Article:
National

As George Floyd marches loom, do's and don'ts for protesting in Japan

Do get permits for the use of public roads and parks. Don't forget to film the police filming you

by Eric Johnston

Staff writer

The death of George Floyd, a 46-year-old African American man, while pinned face down by three Minneapolis police officers has sparked angry demonstrations and marches across the United States and around the world. In Japan, similar marches against racism and police brutality are planned in some cities this weekend.

For those thinking about heading to a demonstration, here are some things for reference in either planning, or participating, in public protests or marches in Japan — as well as some do’s and don’ts — based on this reporter’s 25 years of covering dozens of protests throughout Japan and internationally.

Article 21 of the Constitution guarantees freedom of assembly and association as well as freedom of speech. Street demonstrations and public protests are, however, still subject to regulations. Each prefectural police department requires permits for the use of public roads and parks for a march or rally.

When applying for a permit, a representative of the sponsors or organizers of the event must provide his or her name, home address, workplace and telephone number. If the group is not based in Tokyo but plans to protest there, then the name and phone number of a Tokyo-based participant must also be included.

Different prefectures have slightly different application procedures, all based on national road use laws and prefectural ordinances. In some places, the applicant must write down not only the date and time of the demonstration, march or rally, but also the route — if it’s a march — the place where the group will initially gather, the time it officially kicks off, and where and when it will end. The number of people expected is also required and the purpose of the gathering must be provided as well.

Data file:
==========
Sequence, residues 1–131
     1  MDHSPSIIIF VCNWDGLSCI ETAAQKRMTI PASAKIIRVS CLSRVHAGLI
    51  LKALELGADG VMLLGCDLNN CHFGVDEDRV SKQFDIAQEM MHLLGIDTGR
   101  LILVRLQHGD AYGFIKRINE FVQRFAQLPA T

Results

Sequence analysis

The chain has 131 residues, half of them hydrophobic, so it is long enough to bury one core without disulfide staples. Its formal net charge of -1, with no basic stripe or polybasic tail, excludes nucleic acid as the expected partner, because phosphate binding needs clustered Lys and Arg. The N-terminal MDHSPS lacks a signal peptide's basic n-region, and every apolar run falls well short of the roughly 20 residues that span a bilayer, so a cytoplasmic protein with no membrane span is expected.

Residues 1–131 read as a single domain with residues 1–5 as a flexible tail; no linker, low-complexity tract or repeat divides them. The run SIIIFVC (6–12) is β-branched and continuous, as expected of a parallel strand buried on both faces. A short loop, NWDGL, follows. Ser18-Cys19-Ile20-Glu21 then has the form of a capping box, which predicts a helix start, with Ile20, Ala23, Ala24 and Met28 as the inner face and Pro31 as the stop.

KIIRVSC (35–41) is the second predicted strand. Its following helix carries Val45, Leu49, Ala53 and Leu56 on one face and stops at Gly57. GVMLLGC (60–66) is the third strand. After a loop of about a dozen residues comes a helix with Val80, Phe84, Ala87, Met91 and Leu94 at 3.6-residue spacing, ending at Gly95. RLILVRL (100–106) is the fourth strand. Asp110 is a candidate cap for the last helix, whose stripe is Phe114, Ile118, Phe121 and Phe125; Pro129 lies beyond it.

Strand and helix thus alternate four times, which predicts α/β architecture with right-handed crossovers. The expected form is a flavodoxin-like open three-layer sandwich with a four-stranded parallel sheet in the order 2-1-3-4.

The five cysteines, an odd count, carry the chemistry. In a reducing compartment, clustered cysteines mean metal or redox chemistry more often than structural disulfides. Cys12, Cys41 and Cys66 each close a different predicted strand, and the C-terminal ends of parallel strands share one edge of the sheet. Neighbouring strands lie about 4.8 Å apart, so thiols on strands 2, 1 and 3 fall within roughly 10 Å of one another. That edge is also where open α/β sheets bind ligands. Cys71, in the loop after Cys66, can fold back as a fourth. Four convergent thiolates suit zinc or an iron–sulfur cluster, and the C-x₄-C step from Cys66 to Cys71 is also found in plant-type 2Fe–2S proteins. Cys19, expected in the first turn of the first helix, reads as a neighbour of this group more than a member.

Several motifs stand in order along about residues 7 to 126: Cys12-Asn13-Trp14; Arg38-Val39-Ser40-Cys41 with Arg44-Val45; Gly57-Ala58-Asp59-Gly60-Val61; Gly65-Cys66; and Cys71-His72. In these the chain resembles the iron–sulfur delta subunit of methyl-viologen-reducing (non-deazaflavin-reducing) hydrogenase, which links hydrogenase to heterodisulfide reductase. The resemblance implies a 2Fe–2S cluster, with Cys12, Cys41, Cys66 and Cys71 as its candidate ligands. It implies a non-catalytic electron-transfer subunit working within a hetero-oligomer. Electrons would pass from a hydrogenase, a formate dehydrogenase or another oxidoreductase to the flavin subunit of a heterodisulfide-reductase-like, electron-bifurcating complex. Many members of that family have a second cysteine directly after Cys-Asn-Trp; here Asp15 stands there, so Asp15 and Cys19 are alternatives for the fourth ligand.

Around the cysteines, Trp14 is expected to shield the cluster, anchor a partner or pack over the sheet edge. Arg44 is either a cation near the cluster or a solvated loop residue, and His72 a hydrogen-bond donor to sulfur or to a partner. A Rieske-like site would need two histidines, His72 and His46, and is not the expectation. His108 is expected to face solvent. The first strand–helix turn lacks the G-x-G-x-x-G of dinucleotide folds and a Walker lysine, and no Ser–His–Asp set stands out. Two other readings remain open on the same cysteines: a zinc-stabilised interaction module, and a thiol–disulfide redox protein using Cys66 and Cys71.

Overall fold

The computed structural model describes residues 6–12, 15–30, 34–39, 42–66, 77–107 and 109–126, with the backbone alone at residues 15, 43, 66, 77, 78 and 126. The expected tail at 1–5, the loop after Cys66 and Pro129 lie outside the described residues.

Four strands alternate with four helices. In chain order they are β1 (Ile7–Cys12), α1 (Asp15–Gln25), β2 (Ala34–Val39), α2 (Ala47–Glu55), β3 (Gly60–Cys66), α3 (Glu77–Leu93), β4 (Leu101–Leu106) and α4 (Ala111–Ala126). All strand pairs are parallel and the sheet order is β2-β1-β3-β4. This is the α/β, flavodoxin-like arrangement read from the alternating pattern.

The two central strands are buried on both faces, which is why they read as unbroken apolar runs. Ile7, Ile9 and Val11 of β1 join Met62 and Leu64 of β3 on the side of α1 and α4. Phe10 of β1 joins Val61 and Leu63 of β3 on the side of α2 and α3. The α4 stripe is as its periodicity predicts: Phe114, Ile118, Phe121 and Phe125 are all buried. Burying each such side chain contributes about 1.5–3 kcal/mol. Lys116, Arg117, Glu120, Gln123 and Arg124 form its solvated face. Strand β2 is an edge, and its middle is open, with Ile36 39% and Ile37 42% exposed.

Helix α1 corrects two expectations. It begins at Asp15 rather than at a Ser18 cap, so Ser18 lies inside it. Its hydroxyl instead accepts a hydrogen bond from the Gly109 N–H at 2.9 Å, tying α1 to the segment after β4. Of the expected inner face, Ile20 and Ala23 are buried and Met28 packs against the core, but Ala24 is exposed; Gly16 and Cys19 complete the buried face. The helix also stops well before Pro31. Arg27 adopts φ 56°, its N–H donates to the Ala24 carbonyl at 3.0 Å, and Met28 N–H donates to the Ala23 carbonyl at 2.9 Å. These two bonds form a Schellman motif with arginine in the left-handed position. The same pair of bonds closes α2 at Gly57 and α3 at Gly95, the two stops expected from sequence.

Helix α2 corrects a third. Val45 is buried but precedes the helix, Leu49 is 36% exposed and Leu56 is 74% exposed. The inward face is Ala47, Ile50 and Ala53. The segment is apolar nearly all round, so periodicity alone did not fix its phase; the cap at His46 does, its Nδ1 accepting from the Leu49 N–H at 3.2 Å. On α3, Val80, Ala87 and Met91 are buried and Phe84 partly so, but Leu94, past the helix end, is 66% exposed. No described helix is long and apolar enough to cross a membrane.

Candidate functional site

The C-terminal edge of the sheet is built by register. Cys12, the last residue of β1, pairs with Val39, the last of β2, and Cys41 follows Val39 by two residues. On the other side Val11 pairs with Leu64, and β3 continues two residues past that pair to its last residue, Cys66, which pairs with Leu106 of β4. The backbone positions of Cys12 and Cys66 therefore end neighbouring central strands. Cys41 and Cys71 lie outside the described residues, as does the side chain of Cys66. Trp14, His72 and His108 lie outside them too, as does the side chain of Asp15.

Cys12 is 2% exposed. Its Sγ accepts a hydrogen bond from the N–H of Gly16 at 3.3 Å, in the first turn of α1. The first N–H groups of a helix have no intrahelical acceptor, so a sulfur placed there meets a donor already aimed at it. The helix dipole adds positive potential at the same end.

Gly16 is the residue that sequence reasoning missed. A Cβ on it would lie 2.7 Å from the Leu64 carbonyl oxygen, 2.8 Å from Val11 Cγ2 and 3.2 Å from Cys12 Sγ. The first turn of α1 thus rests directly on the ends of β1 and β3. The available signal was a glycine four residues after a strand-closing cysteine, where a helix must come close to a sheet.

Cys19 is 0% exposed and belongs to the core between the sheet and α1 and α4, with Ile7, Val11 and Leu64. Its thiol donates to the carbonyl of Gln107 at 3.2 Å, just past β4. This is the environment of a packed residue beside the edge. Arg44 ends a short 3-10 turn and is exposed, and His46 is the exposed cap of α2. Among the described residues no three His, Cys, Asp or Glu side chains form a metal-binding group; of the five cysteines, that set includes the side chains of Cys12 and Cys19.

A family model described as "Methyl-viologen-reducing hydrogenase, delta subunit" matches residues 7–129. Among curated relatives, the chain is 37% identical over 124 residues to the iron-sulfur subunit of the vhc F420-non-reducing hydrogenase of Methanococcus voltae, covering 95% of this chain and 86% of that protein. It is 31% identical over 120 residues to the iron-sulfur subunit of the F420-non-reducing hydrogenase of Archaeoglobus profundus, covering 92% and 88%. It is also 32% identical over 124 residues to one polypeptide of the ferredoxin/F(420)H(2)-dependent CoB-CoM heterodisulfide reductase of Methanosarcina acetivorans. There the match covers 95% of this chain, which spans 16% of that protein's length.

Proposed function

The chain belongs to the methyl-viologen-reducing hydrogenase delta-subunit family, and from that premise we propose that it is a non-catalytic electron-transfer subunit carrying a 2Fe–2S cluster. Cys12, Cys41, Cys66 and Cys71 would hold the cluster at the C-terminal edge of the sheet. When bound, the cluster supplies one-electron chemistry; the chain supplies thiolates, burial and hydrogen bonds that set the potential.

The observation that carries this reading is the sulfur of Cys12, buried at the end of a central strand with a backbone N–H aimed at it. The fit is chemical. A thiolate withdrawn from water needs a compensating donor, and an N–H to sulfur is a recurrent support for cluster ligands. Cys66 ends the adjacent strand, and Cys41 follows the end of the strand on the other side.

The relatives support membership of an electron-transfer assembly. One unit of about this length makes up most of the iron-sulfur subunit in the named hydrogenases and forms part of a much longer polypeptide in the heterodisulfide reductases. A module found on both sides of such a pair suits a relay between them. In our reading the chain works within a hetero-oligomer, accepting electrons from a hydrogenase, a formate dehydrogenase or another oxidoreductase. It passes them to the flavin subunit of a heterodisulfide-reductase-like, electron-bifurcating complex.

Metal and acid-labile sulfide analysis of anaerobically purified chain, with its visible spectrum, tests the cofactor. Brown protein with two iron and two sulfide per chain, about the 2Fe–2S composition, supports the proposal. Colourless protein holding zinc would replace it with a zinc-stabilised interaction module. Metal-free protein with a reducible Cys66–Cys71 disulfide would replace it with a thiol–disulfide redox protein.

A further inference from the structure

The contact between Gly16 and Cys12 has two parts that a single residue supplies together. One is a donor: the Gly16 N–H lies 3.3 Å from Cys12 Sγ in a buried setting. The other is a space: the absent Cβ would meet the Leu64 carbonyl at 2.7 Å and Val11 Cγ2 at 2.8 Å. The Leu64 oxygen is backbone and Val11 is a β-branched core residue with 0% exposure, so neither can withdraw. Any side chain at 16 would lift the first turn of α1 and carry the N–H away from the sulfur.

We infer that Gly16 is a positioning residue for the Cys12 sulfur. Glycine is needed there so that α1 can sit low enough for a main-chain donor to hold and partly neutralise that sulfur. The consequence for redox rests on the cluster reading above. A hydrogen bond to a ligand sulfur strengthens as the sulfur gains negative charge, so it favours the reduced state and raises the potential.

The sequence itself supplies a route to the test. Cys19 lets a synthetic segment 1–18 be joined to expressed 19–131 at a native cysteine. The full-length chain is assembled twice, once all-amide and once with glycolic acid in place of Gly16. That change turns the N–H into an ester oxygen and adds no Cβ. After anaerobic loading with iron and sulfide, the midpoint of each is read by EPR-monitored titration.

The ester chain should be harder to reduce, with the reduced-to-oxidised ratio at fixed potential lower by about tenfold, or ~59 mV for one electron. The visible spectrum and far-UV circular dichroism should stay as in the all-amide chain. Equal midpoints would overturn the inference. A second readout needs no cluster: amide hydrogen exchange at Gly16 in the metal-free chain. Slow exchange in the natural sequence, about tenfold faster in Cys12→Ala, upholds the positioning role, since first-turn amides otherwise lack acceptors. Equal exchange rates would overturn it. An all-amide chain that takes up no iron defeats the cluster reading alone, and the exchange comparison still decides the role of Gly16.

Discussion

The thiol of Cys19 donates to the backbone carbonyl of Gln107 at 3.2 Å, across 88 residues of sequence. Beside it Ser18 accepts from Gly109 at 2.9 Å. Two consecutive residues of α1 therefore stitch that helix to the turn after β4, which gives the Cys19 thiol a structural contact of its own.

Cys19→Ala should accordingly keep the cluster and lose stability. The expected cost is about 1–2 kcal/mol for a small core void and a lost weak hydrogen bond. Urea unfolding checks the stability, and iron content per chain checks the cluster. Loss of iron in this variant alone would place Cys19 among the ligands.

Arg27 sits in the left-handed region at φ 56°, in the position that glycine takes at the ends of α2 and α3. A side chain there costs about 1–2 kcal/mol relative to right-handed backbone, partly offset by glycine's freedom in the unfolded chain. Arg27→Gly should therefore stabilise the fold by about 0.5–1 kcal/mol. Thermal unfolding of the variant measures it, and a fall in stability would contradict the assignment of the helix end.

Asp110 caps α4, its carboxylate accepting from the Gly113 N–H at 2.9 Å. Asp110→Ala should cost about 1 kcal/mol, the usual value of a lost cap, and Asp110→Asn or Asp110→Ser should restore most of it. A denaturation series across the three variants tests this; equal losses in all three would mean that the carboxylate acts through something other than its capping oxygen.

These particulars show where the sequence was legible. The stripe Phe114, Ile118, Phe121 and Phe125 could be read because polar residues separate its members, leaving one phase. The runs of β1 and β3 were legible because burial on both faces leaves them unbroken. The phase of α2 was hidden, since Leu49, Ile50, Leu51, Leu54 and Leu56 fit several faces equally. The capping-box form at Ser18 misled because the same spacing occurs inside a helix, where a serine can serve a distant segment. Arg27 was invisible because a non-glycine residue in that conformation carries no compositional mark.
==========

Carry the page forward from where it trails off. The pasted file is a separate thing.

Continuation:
Once a demonstration or march begins, group leaders go out of their way to ensure confrontations between participants and police are kept to a minimum. Compared with many parts of the world, Japanese protest rallies are quite orderly and peaceful.

Marchers and demonstrators will also be monitored by the group leaders, who will ensure they don’t litter or block traffic and will follow police instructions on where and when to walk. Whatever you do, don’t get into verbal or physical altercations with hecklers or counter-protesters. Protestors should, and are often encouraged to, bring lots of water, wear appropriate clothing, and make sure they have their own bags for garbage.

Finally, participants may be filmed by both prefectural police and representatives from the Public Security Intelligence Agency, which is under the Justice Ministry. Make sure you are also filming them.

The 2019 National Policy Agency White Paper mentions the year’s activities by extreme left-wing groups, right-wing groups and the Japan Communist Party, as well as protests against U.S. bases in Okinawa, nuclear power and by those they deem to be “anti-globalization” groups, which protest the way multinational forums like the Group of 20 summit are run or hold demonstrations against international trade agreements.

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